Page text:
In my previous post, I introduced the concept of resource efficiency: the integrated efficiency with which energy and materials are transformed in industrial processes. I mentioned that improvements in resource efficiency are considered indispensable to achieving globally agreed CO2 emission and energy reduction targets. This is because trends in production volumes are predicted to keep rising to meet growing population demands, and opportunities for improving energy efficiency are beginning to reach technical limits.
Energy-intensive material producers have compelling reasons to take resource efficiency seriously. Altogether, the production of metals, chemicals, plastics, paper and cement generate over 60% of total industrial CO2 emissions. Improving resource efficiency promises to be the most cost-effective option to simultaneously avoid wasting scarce and toxic resources, reduce operating costs and CO2 emissions, and improve responsiveness to future climate and environmental regulations. In fact, understanding the current state of a facility’s resource use, the factors driving it and the opportunities available to minimise it, will be a prerequisite to staying competitive in the future.
Measurement is the dogma of industrial production. Understanding a company’s reliability, safety, or its production quality necessitates tracking their performance metrics. Resource efficiency is no different. The first step in becoming more resource efficient involves putting a number on it. In fact, plant managers are under increasing pressure from top-level decision makers, who are urging them to quantify their resource efficiency. In most cases though, material producers struggle to come up with a metric that is meaningful.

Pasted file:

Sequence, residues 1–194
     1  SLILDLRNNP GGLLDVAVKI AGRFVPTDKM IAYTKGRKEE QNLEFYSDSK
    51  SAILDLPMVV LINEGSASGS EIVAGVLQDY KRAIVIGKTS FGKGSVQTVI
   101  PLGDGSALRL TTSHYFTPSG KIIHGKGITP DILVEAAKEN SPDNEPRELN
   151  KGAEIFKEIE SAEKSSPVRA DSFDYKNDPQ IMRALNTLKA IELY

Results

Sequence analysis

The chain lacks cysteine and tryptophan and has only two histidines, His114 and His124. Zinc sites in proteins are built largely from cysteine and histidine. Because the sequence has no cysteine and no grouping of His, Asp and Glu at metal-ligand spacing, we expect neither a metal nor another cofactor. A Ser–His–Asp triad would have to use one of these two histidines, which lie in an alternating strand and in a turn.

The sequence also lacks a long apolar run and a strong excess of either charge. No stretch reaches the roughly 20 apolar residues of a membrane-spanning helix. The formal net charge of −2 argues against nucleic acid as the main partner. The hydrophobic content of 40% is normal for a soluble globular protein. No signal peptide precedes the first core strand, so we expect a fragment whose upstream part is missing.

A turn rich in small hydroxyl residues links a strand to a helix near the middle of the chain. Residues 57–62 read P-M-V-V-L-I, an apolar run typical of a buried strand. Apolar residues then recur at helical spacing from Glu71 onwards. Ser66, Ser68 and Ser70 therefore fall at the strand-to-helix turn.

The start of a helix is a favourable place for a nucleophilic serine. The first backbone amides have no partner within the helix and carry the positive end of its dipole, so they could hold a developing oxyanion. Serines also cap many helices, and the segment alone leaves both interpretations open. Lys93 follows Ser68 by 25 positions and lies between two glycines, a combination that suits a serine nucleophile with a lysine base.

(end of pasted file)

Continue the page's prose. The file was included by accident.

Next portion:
And this comes as no surprise. Industrial production involves myriad processes, which combined constitute a complex network of interacting resources, including energy, raw materials and water. This complexity requires trade-offs: reducing the energy use in one part of the production process may increase material use elsewhere and vice versa. The difficulty in accurately capturing these interactions lies in the fact that companies currently measure energy and material efficiency using separate indicators, providing in the process only partial insight into the potential of resource efficiency.
So, how can a company go about adequately measuring its integrated resource efficiency? Emerson has committed four years of research funding to offer producers a competent answer. Together with the University of Cambridge in the UK, Emerson developed an engineering solution based on established thermodynamic methods. Though devised in the 1900s, these methods experienced a renaissance in the past two decades; they required the right combination of vision, ambition and business case to become a reality.
The proposed approach traces resource use across entire systems and characterises resources as a combination of two components: a chemical portion, which is based on the resource’s composition and concentration; and a physical portion, which accounts for the resource’s temperature and pressure. Based on this, resource efficiency is expressed as a ratio of useful resource outputs to resource inputs (see Figure 1). Results from these methods are founded on accurate energy (fuel inputs, energy by-products and heat losses) and material flow data (raw material inputs, material products, by-products and waste), and are substantiated through rigorous data collection, cleaning and analysis processes.
Unlike conventional energy-intensity or material-efficiency metrics, this new indicator integrates energy and material flows into a single, dimensionless measure; it compares energy efficiency and material efficiency on an equal footing. In doing so, it consolidates multiple key performance indicators that currently measure resource use from different standpoints, including: yield rates, fuel and raw material consumption, heat-recovery rates, the recovery of material by-products and the generated waste. As a result, producers are empowered to make the right choices at the right time, while also widening the breadth of efficiency options available and capturing unavoidable trade-offs.